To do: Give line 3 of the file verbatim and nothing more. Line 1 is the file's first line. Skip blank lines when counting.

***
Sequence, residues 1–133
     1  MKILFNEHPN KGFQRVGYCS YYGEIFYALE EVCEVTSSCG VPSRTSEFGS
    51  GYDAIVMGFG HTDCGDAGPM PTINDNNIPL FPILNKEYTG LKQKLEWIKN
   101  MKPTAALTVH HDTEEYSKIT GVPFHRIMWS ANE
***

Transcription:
    51  GYDAIVMGFG HTDCGDAGPM PTINDNNIPL FPILNKEYTG LKQKLEWIKN